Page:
Part of $3.8B Guyana Stores tax debt paid – Statia

Guyana Stores Limited

Guyana Stores Limited (GSL) has paid the Guyana Revenue Authority (GRA) “a few hundreds of millions,” Commissioner-General Godfrey Statia says and discussions are ongoing on how the remainder of its $3.8 billion tax debt will be paid.

The debt is the result of the Caribbean Court of Justice (CCJ) ruling against GSL’s constitutional challenge to the 2% minimum corporation tax applied by the GRA under the Fiscal Enactments (Amendment) Act.

GSL was given two extensions to make its payments to the GRA since the March ruling and Statia confirmed yesterday that it was yet to make the full payment.

However, he said that discussions are currently ongoing and he could only say at this point in time that the company has paid “a few hundreds of millions.”

He said that they still have to engage them on the payments of the outstanding sum and they want to finish up the discussions by the end of this month. “We have to respond to a request from them and I can’t say what it is but they have made a proposal which is under active consideration. But in the meantime, they have paid some money,” he said.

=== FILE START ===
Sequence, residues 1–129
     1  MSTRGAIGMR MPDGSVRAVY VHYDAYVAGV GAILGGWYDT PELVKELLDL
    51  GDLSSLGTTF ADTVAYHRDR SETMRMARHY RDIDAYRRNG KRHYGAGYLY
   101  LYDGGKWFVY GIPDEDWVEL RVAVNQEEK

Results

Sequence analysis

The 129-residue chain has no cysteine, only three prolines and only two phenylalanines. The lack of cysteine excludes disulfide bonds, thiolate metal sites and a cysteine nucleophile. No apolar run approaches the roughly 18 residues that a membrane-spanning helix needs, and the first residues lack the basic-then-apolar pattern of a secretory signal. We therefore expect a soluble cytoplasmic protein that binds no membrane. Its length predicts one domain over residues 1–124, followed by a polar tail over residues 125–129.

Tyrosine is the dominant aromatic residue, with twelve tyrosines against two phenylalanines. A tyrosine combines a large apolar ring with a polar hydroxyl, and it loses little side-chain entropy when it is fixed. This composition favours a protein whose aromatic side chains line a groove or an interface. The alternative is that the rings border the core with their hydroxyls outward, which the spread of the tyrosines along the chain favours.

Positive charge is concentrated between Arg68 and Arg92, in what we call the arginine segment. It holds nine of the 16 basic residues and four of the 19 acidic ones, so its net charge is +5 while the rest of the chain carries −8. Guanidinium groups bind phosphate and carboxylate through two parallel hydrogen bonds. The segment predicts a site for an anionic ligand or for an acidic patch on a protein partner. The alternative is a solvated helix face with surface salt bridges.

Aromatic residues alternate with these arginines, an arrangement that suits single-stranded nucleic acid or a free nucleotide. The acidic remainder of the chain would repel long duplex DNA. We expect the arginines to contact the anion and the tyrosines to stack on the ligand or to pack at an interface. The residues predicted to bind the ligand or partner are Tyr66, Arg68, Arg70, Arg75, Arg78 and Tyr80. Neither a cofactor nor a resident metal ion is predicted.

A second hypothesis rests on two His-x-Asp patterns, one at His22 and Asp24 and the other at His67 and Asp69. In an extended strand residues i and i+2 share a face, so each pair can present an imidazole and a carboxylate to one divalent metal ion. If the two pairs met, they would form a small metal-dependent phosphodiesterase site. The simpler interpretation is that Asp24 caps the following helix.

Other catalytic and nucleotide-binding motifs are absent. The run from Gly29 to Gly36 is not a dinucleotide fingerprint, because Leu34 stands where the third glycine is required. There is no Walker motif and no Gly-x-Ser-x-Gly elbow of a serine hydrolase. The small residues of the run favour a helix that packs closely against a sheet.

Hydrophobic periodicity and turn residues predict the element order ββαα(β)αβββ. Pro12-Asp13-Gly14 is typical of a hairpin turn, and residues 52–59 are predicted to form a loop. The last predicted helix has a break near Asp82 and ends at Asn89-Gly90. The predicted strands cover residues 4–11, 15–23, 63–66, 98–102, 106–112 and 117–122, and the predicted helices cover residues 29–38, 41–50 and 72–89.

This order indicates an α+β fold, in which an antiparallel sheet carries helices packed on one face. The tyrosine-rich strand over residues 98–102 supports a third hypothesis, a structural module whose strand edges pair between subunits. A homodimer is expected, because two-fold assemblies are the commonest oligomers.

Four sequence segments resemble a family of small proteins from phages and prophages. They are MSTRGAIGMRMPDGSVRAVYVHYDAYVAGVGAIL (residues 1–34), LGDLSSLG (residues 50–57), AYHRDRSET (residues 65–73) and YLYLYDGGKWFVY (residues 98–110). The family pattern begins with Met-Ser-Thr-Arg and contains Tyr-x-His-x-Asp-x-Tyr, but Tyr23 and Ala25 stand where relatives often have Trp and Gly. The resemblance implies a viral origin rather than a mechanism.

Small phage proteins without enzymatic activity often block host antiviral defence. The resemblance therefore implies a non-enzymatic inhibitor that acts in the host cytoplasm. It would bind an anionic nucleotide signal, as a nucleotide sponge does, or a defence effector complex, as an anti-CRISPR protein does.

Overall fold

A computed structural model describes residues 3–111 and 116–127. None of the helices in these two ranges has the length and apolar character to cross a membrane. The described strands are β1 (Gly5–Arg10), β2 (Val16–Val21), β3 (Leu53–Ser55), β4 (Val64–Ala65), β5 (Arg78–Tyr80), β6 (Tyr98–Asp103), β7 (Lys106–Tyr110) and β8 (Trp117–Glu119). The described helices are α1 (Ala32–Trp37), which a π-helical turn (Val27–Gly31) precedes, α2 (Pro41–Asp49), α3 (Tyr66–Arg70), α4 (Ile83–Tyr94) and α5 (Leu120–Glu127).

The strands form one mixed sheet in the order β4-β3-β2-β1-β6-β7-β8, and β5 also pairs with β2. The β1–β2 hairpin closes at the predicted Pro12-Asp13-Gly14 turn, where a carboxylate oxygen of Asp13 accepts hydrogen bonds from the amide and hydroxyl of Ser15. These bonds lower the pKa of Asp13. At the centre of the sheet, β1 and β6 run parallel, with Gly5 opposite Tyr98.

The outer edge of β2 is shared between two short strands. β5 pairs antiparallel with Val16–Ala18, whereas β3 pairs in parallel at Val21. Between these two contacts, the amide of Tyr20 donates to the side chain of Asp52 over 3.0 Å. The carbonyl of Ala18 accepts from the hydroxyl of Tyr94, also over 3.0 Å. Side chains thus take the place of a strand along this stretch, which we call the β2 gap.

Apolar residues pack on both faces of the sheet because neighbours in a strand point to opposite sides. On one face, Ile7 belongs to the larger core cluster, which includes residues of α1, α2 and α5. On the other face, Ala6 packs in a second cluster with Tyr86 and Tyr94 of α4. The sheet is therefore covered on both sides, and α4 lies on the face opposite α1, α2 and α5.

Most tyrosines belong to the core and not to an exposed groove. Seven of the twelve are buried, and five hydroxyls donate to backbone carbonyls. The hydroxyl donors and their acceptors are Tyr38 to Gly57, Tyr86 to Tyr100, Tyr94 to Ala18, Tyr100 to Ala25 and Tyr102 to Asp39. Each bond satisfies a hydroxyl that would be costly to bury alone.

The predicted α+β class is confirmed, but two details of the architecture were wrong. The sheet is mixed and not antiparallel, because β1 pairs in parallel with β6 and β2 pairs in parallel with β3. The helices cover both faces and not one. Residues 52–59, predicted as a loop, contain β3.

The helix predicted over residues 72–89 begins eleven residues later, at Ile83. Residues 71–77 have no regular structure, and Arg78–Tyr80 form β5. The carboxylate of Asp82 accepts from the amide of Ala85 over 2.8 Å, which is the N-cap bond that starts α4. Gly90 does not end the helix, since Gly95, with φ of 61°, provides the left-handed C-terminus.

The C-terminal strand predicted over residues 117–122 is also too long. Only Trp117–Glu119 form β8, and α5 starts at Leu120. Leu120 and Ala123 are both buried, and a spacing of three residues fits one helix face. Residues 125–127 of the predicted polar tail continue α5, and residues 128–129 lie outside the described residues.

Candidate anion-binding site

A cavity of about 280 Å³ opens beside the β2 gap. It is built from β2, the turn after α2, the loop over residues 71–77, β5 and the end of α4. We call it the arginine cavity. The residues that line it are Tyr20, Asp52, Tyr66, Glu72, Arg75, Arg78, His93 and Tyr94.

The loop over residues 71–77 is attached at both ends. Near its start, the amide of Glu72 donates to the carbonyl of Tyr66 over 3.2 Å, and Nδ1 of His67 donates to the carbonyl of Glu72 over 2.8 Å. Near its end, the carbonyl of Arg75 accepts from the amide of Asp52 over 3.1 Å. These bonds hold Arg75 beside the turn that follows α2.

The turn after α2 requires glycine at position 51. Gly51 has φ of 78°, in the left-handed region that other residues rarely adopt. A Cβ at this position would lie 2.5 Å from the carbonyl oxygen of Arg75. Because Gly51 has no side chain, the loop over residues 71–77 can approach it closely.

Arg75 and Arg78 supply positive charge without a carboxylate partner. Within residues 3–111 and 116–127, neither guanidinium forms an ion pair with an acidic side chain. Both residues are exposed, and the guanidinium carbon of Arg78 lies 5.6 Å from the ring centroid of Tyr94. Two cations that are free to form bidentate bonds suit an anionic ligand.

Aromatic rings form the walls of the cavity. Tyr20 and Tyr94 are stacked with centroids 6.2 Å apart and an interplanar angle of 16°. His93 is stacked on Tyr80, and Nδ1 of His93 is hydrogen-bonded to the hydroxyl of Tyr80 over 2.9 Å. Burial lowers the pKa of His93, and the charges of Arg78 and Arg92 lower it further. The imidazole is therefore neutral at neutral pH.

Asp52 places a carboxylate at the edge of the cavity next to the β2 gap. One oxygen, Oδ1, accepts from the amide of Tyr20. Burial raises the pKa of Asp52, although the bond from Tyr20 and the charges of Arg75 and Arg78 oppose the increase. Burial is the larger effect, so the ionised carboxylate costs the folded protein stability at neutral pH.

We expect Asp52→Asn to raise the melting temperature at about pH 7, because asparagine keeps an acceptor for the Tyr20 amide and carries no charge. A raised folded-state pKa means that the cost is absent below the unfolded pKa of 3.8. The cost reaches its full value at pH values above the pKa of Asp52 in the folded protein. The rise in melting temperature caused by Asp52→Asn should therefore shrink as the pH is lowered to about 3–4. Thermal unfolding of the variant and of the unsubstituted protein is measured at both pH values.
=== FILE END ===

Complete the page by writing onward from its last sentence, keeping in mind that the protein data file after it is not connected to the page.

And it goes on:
Godfrey Statia

Stabroek News tried last week to get a comment from Tony Yassin – one of the co-owners of the company – to not avail. Yassin had related that he has no more pronouncements to make on the issue.

Yassin had told Stabroek News in March that the company would be opened to coming to a “reasonable” settlement with the GRA.

“Well, we are a retail company and I can’t say we don’t have any problem repaying. This is a lot of money and we will work out whatever arrangement they come up with,” Yassin had said, while reiterating that the company would have no choice but to follow whatever agreement it arrived at with GRA.

The court told GSL that it should have utilised the specialised procedure provided under the Income Tax Act to challenge the GRA, rather than bring claims for constitutional relief in matters where not only was an alternative remedy available but that remedy was the natural and statutorily provided recourse. To do otherwise, it argued, was “an abuse of process.”

GSL received a demand, dated May, 2012 from the then GRA Commissioner-General Khurshid Sattaur for the sum of $3,811,346,397 in unpaid taxes and chose to institute proceedings in the courts of Guyana.

Having lost at both the High Court and Appellate Court, GSL appealed the matter at the level of the CCJ, which has now dismissed GSL’s appeal and ordered the company to pay costs to the three Respondents: the Attorney General, the Revenue Authority and the Commissioner-General.

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